You’ll recall I’ve been making noises about running over to Northeastern Ohio. We decided yesterday was the day. Subject of trip? Railfanning, and Lighthouses.

My wife is into lighthouses, and the boys are into trains.  The southern and eastern shores of Lake Erie, provide plenty of both.  And, the weather, warm as it’s been, did not show any signs of giving us any serious difficulties.  So at about 6am we were on the road west. The weather forecast showed rain showers moving through, along with what it called “occasional high winds”.  Those occasional high winds (45-50mph gusts) faced us all away from Rochester down to Erie and a little beyond.  Given I have a high profile van, this did not help my gas mileage.  You could see spots all on the way, where it had been raining hard; flooded yards , high running streams, and so on. Nothing unpassable, however.

So, down I-90. first stop, Ashtabula OH. It’s about 3 and a half hours out of Rochester, and therefore well within a daytrip run, if you have a weekend, so you can rest up the day after the trip. It’s a coal town. Which means, when there’s a lake around, lots of shipping… (Read that…”Lighthouses”…) and lots of trains.

We managed a fairly decent photo spot in what’s called “Point Park”. One pic I didn’t get, was of the coal chute This pic is from the city site, and is looking from POint park through the monster over at some of the piles of coal and the coal cars:

Now, if you looks to the far right of the shot (you can drill on the pic to get a higher resolution shot, if you like)you’ll note a little white spec.  That’s what drew us here; It was a lighthouse we didn’t know existed until last weekend. Here’s a tighter shot of it we managed to get, under and through the structure and in the really poor light of the day:

As you can tell, I had the zoom at the limit for this one, and yes, I had to play with the color a bit to get the lighthouse to pop a little. As I suppose you can imagine, giving out to this thing was something of an impossibility, given the weather.  We didn’t bother.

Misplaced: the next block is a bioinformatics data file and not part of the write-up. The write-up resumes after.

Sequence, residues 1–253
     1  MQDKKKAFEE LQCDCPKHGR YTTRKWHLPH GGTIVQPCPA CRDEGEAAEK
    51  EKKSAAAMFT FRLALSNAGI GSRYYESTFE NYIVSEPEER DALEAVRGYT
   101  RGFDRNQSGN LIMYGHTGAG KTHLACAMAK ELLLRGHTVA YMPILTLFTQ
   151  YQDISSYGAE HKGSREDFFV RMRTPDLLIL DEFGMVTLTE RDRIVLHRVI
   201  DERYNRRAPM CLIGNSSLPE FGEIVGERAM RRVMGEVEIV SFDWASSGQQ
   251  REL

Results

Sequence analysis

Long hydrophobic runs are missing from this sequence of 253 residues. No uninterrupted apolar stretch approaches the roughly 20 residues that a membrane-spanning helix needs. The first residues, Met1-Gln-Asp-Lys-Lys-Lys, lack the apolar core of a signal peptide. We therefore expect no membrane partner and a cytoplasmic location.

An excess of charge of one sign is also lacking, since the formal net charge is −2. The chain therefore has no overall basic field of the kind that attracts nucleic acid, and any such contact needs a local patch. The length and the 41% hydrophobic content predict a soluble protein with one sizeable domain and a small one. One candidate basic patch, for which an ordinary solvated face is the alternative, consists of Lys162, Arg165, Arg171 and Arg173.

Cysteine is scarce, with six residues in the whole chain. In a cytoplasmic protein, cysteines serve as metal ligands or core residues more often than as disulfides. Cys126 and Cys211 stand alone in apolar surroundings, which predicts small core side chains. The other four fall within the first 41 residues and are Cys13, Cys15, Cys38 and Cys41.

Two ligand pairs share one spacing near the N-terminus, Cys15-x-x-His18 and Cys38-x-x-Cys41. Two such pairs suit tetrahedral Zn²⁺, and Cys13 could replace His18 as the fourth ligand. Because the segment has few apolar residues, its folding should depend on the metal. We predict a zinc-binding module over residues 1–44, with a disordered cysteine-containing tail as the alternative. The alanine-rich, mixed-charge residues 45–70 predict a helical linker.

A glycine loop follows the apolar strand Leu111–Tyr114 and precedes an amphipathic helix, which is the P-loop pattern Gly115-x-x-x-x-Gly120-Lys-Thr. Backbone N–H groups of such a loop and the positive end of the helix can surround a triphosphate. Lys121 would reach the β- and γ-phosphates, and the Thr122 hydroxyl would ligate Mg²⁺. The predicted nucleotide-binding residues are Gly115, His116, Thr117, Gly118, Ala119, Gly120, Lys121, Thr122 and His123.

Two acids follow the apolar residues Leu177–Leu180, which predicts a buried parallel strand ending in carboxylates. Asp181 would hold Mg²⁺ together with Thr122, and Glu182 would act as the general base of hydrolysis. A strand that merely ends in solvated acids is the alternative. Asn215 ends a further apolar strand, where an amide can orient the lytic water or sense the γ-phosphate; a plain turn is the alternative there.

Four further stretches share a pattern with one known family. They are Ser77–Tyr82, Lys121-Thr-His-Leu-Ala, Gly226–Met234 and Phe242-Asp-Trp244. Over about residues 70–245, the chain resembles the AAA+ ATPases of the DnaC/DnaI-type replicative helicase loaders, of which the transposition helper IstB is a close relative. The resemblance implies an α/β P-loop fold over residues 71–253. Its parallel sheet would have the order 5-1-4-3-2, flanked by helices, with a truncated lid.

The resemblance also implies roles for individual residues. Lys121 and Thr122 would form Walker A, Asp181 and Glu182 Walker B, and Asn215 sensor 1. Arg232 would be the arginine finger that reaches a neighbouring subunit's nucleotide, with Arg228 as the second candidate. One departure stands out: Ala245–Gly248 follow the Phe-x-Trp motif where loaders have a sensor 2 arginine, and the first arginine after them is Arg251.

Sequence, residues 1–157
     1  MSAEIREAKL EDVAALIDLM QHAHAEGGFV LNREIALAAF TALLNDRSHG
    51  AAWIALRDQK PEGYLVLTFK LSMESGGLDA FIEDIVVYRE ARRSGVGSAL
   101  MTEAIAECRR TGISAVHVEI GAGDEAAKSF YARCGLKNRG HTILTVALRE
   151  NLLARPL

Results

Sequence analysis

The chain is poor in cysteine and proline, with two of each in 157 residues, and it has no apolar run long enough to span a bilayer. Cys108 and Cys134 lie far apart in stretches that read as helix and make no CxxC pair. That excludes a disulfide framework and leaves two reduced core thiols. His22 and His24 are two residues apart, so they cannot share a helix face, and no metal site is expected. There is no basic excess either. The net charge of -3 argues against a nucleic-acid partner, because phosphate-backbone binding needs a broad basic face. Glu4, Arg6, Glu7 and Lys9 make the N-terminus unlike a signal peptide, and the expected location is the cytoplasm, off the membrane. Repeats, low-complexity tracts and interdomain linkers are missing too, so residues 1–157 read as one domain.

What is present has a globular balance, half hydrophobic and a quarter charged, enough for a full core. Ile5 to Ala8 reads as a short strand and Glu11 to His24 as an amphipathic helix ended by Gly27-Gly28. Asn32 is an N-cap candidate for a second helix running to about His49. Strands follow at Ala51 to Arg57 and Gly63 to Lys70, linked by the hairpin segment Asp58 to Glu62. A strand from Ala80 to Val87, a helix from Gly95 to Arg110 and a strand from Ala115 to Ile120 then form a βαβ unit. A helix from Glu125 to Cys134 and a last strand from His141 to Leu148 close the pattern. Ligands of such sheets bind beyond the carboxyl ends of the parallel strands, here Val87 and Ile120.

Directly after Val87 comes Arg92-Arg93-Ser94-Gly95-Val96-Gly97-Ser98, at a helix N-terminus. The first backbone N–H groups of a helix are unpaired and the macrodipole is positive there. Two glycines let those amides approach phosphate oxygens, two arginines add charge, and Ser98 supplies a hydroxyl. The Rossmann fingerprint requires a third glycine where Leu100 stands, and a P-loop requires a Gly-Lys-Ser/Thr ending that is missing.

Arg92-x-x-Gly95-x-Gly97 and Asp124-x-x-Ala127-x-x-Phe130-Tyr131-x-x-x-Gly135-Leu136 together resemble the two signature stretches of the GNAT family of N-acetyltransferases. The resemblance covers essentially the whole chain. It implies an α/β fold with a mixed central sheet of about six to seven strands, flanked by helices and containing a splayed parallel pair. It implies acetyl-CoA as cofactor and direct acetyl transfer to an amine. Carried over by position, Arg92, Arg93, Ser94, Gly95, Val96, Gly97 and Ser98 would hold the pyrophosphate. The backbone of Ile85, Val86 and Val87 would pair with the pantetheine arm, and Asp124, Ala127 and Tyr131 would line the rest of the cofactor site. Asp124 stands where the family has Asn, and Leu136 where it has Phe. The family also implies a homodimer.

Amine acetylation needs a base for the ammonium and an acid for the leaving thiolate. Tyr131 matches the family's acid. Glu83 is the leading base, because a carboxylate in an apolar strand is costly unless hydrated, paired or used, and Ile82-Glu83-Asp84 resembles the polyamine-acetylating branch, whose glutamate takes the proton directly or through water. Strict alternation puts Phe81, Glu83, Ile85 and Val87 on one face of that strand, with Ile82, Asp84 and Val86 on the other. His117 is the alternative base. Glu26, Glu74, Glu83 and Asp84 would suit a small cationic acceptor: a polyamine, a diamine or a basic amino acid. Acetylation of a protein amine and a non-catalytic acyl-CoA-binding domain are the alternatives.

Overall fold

The light itself has some interesting history, which you can read about here. The light is still active today, if automated. Matter of fact this was the last manned light on Lake Erie at the time it was automated in 1973.

Here’s a few more shots of the coal activity:


As you can see, this is a major supplier for the area’s coal.  All those loaded coal cars means there’s a LOT of rail traffic around here, though not quite so much in the winter months. We decided to check out the CSX Chicago line, which runs through here, on it’s way past our house in Rochester.

We found a spot which actually has a rare sight in modern railroading: A “Diamond”.  This is a rail over rail crossing… where two rail lines or more cross each other at or near right angles.  This is just to the west of the CSX Ashtabula yards.
The heavy traffic reputation that this neighborhood has, proved fully justified one after setting in the area for less than five minutes the first train came along.


Now, look closely at the second of the power units; This is the kind of chance rarity that the rail photo buff lives for: older power, and rare paint schemes.  This particular scheme is called CSX Phase II. Or, sometimes, the “Grey Ghost”.  This particular unit… C40-8, CSX7588, they apparently decided not to paint in their newer paint schemes, thinking they’d be taking it out of service before long. Of course that choice was made quite a while ago, and despite the predictions of it’s demise, the thing continues on… only one of two of that type that are left in operation.  This unit has beaten the odds.